__MAIN_TEXT__

Page 47

Therapeutics

5. Find Funding Opportunities Once a consortium is in place, with good plans for clinical development, it will need to look for larger funding opportunities. Some partners may be in a position to fund themselves, but this will probably be unlikely for all, and especially for smaller partners, such as the patient groups and any small-medium enterprises (SMEs). Funding grants are available, but can be very competitive and there are typically fewer grants available for rare diseases than for more common diseases. The main difficulty with funding clinical trials is that they are expensive. Our experience in the UK was that there are few funders able to grant a large enough amount to cover even a fairly simple clinical trial. One possibility is to look at the larger funders, such as the European Commission (EC), which offer grants typically at a greater scale than in individual countries. As may be expected, EC grants are highly competitive and usually have long lead-times. However the time can be well spent, as it will often allow consortia to dedicate more time to planning and evaluation, and the opportunities for peer-review with experts from across the EC can bring in useful suggestions for modifications, both of which can result in a better overall trial. Another alternative would be to look at funding from a pharmaceutical company. However, this would depend on the IP rights connected to the drug in question and the commercial incentive. A company is only likely to get involved with such a consortium if a sound business case can be made. If funding is to come from grants, it can be worthwhile to involve someone who can advise on how to complete the grant application process (which can be onerous for the larger grants) and maximise the chances of success. An additional source of funding is crowd-funding. Although this is unlikely to generate sufficient money to run a clinical trial, www.jforcs.com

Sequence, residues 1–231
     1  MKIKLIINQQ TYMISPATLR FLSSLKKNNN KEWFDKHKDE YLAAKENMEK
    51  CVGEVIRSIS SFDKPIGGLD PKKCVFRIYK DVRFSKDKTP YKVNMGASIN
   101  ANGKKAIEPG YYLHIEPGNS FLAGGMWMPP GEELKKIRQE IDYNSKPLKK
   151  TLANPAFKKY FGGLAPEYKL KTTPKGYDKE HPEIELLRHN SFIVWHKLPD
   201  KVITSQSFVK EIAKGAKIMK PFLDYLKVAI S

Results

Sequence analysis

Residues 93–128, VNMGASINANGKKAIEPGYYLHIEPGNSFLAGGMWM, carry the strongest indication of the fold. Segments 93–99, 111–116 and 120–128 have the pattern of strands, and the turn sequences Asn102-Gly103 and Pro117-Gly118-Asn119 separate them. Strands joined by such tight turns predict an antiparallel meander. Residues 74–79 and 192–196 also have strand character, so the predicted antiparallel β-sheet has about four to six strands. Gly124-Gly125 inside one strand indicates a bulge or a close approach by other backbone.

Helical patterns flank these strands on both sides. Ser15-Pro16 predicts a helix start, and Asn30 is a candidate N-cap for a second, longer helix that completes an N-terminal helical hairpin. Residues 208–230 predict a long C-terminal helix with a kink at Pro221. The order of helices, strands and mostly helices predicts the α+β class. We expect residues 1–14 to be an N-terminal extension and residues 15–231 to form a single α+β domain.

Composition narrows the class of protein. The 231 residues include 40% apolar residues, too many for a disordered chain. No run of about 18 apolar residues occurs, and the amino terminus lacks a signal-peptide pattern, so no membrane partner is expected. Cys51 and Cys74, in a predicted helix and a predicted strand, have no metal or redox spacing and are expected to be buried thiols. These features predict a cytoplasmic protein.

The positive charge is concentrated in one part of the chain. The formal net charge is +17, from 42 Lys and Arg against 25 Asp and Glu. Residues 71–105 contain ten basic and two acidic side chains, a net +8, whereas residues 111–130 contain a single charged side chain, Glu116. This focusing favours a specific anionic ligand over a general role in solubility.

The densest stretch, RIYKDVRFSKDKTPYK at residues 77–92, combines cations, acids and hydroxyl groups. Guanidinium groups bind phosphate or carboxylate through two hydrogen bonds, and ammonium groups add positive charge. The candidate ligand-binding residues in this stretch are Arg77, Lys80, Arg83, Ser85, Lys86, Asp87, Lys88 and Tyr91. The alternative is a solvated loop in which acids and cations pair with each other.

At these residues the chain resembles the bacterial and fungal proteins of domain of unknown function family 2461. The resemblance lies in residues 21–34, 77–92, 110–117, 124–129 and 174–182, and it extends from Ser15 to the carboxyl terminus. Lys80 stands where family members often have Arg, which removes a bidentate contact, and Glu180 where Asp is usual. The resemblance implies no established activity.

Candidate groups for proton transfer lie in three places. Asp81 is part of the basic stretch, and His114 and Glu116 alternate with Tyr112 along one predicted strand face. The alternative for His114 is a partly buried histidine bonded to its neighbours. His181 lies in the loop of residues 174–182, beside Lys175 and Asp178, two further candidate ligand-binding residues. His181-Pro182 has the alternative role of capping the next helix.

it is possible to raise several tens of thousands of dollars from a well-run campaign. 6. Motivate and Manage the Consortium Planning and running clinical trials is a long-term project, which provides plenty of time for consortium partners to question their involvement. Often the most difficult time for consortia is during the previous step, the time spent applying for funding. During this time, the partners are essentially working for free, with no guarantee of eventual funding. Therefore, maintaining the motivation among the consortium is essential. An effective way of keeping momentum is through smaller projects. Gaining funding for a small, distinct project that will generate results useful for a larger application is an effective way to both improve the final application and to keep partners keen. It is the same reason why mobile games become addictive: small and frequent rewards ensures that a consortium’s interest remains focused on the ultimate goal. Once a consortium is established and funding is in place to allow it to work towards its goal of clinical development, the next issue is to ensure that the consortium can handle the project. Typically, the most invested partner is the patient organisation, and so it may make sense to involve them as a management lead. In the AKU consortium, we are obliged to follow EC guidelines, and so have regular 18-month reporting periods. However, we decided to build on that, and agreed on sixmonthly face-to-face meetings, with smaller reports that build to form the 18-month reports. To ensure that our partners in the consortium felt like part of a wider team, we also started weekly teleconferences. With a set time, they neatly fall into people’s routines, and so are not forgotten; and having them so regularly means all partners understand the pressures and successes of each member. Regular news generated by the patient group Journal for Clinical Studies 45

Profile for Pharma Publications

Jcs volume 6 issue 1 (jan feb 2014)  

Journal for Clinical Studies - Your Resource for Multisite Studies & Emerging Markets is a Peer Reviewed Journal, looking into the best prac...

Jcs volume 6 issue 1 (jan feb 2014)  

Journal for Clinical Studies - Your Resource for Multisite Studies & Emerging Markets is a Peer Reviewed Journal, looking into the best prac...

Profile for mark123
Advertisement